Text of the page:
Showing posts from November, 2015

Crash and Burn

Going into the COP-21 Paris climate talks, the U.S. position is reportedly to emulate Maryland's Greenhouse Gas Reduction Act, bringing carbon emissions for the whole country down 27% by 2025.  I imagine this won't be very hard, since peak oil and financial disaster will force us down that path eventually, anyway.

Meanwhile, Maryland can't seem to see the forest for the trees of gas lines crisscrossing the state. Though informed in 2010 that Maryland's abundant biomass could provide a portion of the state's energy, clean power investment has favored natural gas, solar, and wind power.

It would be comforting if Maryland would ban fracking like New York did this year. Otherwise, investments in cleaner power plants, such as the PSEG Keys Energy Center being built up in Brandywine, may end up as incentives to further damage the environment.  While it may beat coal and gas export in terms of carbon emissions, natural gas is non-renewable and only sets us up for a big …

Playing with Fire

I am proud to be a Marylander just for the simple fact that our state is a leader in the fight against climate change.  Maryland's Greenhouse Gas Reduction Act (GGRA) rivals the plans of such progressive states as Switzerland in the rapidity envisioned for reducing emissions to fight global warming.  Since GGRA was enacted in 2009, Maryland has actually reduced greenhouse gas (GHG) emissions faster than required by the plan, which calls for a 25% reduction of the 2006 level of emissions by 2020.  We are now at the point where an update to the plan is needed, as the Act must be reapproved in 2016.

Insofar as the real importance of Maryland's plan is not in drawing down emissions, but in showing other states how it is possible to do so while growing the economy, the GGRA is laudable. I do, however, have my reservations as to motives and the ultimate outcome.  It's not that Maryland is just so small as to have little bearing on global warming, it's that, at this point in …

Terror Starts at Home

The heightened level of "security" brought on by the most recent global terrorist attacks and threats will likely be evident in several ways to all Americans right where they live.  One local organization that is primed to play in this game is the Calvert County Sheriff's Department.  They have been itching to take on any would-be disruptors of our sedate rural existence, so much so that they zero in on whatever appears alien.  Out of state license plates are one clue.  Visiting for the purpose of protest is another.

A situation like the one recently at Bank of America stadium involving repellers with a banner protesting the Cove Point Plant expansion was resurrected recently when charges and counter-charges were filed over the treatment of protesters who had been arrested following the crane climbing incident early this year at Dominion's staging site on the Patuxent River.  It is not at all surprising that the Sheriff's Department would put a stop to such a st…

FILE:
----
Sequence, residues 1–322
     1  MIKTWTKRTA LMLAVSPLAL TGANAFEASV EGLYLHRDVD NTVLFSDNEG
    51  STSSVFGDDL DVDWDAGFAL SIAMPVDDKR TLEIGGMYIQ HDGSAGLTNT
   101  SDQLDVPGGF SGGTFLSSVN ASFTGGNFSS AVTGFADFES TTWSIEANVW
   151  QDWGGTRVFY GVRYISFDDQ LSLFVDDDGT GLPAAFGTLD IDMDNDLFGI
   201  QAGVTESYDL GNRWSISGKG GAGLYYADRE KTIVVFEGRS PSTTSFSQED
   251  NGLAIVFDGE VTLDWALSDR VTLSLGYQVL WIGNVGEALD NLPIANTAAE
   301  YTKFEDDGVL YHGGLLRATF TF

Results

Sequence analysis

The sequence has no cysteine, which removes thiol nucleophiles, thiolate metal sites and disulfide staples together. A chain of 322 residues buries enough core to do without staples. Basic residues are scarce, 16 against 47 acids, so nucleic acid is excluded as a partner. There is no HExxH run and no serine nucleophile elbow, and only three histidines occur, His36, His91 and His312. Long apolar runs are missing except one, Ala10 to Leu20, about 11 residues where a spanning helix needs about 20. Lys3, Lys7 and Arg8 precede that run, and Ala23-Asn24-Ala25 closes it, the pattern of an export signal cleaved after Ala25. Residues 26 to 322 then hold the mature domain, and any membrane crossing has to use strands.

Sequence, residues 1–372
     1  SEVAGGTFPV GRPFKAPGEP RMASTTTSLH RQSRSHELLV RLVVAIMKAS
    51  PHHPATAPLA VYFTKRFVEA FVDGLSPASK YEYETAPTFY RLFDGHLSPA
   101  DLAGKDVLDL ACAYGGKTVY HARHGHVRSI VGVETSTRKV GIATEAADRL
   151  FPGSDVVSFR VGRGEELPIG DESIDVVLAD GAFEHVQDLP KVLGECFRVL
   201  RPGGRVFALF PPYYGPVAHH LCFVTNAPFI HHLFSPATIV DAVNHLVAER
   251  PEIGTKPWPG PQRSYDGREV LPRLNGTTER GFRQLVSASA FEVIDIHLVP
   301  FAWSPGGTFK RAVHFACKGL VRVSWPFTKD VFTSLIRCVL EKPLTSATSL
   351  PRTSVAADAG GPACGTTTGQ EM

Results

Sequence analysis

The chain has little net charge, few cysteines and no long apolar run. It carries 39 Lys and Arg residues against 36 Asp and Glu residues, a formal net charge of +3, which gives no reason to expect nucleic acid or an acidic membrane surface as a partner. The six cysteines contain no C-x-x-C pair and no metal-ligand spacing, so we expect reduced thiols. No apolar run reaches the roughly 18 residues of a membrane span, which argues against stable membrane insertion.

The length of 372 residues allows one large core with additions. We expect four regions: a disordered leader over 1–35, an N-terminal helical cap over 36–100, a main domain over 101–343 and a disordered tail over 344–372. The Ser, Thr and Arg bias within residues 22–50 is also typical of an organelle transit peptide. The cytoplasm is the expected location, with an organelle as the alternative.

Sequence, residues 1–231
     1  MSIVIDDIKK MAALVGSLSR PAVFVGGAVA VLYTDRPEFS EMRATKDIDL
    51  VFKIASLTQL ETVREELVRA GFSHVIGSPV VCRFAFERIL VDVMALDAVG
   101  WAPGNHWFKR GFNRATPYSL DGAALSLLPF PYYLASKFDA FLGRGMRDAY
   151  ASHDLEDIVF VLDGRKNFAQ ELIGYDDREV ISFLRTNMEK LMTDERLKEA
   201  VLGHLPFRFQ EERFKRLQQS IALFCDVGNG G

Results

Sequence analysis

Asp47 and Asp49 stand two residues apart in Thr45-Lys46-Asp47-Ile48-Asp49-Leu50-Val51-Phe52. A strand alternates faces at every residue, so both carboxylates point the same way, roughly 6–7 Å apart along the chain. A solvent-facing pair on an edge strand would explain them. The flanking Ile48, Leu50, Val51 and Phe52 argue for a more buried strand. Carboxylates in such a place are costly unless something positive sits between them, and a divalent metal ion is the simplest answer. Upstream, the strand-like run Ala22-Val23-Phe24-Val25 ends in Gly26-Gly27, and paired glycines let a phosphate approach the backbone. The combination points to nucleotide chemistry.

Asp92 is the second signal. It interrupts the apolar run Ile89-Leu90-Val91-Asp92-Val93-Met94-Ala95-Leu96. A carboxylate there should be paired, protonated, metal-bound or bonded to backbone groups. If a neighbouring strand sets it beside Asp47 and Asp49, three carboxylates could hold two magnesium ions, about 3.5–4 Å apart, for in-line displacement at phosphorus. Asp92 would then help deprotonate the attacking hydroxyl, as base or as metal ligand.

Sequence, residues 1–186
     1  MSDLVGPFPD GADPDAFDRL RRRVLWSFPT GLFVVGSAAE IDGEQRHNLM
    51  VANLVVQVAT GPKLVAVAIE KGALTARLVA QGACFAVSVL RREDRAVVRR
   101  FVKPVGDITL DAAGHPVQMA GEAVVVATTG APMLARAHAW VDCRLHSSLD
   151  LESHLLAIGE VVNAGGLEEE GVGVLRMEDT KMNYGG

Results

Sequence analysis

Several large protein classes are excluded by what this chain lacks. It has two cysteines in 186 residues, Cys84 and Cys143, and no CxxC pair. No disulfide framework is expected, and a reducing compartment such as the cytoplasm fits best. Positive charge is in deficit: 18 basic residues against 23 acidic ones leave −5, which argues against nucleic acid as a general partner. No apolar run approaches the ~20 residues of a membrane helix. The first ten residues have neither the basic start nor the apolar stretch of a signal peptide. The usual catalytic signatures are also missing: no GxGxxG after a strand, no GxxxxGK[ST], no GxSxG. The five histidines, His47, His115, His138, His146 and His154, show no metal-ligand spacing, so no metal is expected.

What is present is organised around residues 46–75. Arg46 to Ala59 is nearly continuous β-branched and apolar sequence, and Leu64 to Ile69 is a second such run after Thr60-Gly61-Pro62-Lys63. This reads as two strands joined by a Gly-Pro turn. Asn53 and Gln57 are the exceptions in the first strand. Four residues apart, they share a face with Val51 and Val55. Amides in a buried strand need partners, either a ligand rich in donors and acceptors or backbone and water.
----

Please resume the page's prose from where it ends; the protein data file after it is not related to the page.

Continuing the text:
Chicken Shit

Turning our gaze across the Chesapeake Bay where chicken factories are one of the salient features of the landscape, a group of activists called Food & Water Watch has raised protests against the incineration of chicken manure.  You might think, with my advocacy of using chicken litter to make biochar, I would take exception to that position.  The truth is, incineration is not how you make biochar.

F&WW seems to mainly want to make CAFO's go away, but their agitation against the Renewable Fuel Standard inclusion of manure as a Tier 1 renewable fuel is ostensibly based on increased air pollution from incineration.  A long and twisted tale leads to the current state of dissatisfaction over the way we deal with this resource.

We can begin with Martin O'Malley who, back in his days as Maryland Governor, made a deal with Exelon Corporation to fund $50 million of a project to convert chicken litter to energy in exchange for allowing them to merge with Constellation Energy. …


An encouraging trend in Maryland and much of the country toward more local self-sufficiency is the explosive growth of local beer brewing.  Even more encouraging is the 2012 passage of a law here that allows farmers special dispensation in order to brew and sell beer and other accompaniments. This reduces the logistics of delivering agricultural inputs to the brewers.  I noticed one such farm brewery close by that I would like to visit someday.  Calvert Brewing Company makes several types of beer, with their webpage telling you which types of hops go into each one.

Therein lies my interest; not so much in the drinking, but in the ingredients.  A few weeks ago, I introduced myself to the brewmaster at The Ruddy Duck Brewing Company in order to inquire as to the chances of relieving him of some of the spent grains used in making his beer.  He was happy to oblige.  I now bring him a 30 gallon container every week, which he fills with wet hops and grains out of one of his tanks.  He also…